Students Still Displaced After Mclaughlin Flood

Marisa D'Ofani, Staff Writer

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October 11th was a standard, quiet Sunday until the late afternoon when McLoughlin’s student housing building fire alarm started going off at around a quarter ‘til 5:00. The dorm’s residents, following procedure, made their way down the stairs, and outside to the lawn between Ashland Street and the Shasta dorms. Sitting outside students speculated the cause of the fire alarm, “maybe someone was smoking marijuana again” or it was just another (unannounced) fire drill. Both of these hypothesis were wrong.

The cause originated in a room on the North side of the first floor where residents of the room used a carabiner to hang a hammock from a sprinkler head. However, Noah Hurley, Assistant Director for Conferences & Operations, noted that the student sitting on the hammock was not the cause of setting the alarm off, but instead it was the carabiner bumping and consequently breaking the small, red vile of liquid.

Hurley explained how the sprinkler system works stating, “The small red-tube that is visible when looking at the sprinkler is built to sense intense heat before it is activated. If there were a fire in the residence hall room, the smoke/heat would rise to the ceiling. The red liquid is heat-sensitive and will burst, triggering both the sprinkler system and (if for some reason the alarm was not sounding off already) the evacuation alarm.”

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Thus, when the student attached his hammock to the sprinkler he inadvertently triggered the sprinkler system, causing the North end of the first floor to unnecessarily be flooded with water. Hurley says that this isn’t the first time accidents like this have happened; he recalls that at one institution, where he previously worked, a student, “hung her laundry on a plastic hanger through her sprinkler head and accidentally snapped the red-tube off.” All of the incidents he’s experienced have been accidents that have, unfortunately, cost thousands of dollars in repairs.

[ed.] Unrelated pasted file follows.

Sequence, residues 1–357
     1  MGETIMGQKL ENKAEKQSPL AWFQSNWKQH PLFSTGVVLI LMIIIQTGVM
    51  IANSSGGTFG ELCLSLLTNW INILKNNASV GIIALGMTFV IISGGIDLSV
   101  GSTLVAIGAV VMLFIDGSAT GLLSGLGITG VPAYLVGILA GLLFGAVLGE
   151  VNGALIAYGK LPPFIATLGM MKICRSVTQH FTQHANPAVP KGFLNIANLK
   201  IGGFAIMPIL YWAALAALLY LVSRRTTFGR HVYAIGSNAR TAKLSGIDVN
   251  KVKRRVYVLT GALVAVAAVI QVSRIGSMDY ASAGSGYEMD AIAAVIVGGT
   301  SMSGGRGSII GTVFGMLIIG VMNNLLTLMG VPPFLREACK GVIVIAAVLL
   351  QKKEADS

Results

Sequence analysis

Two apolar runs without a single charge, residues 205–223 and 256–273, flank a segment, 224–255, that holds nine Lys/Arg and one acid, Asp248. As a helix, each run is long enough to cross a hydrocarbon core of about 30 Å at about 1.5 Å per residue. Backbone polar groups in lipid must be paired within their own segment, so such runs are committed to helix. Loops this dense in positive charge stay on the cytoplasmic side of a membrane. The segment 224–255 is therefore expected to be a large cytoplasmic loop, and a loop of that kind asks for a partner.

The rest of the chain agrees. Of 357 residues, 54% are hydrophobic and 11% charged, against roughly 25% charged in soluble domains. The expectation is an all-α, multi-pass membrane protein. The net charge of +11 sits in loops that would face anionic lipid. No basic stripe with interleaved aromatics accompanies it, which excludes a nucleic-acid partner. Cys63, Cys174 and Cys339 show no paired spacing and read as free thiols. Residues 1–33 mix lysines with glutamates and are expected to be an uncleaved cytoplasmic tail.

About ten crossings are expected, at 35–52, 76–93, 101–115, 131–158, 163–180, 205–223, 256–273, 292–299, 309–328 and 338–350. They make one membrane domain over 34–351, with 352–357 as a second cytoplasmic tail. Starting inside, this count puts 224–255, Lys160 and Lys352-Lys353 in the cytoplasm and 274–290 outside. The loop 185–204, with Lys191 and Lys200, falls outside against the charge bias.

Hurley explained that in order to get the water out of the building the university called in a company, which has been very helpful on previous occasions, to extract water out of affected areas. On Sunday night the company was able to get most of the water out using specialized machines.

12167113_10208126638823259_395571354_nAfter the majority of the water was removed from the area the company then used industrial strength dehumidifiers and large fans to get rid of lingering moisture. After the moisture is taken care of, the company is going to drill into the walls to check for any long term moisture problems.

At the moment the total cost of repairing the damages is unknown, and won’t be until all repairs are complete.

At around 6:00 p.m. on Sunday, residents living in the five rooms affected by water damage were let back in to grab essential belongings. These twelve residents have been temporarily placed into Cox hall, which is where the university houses conference guests year round. Housing hopes to get these refugees back into their rooms as soon as possible, but no exact date is set.

Later in the evening, SOU sent out a friendly, safety reminder via email to students “Carefully read and follow all housing rules and regulations, including treatment of fire sprinklers in residences. If you are aware of potential safety issues, please contact University Housing staff immediately.”

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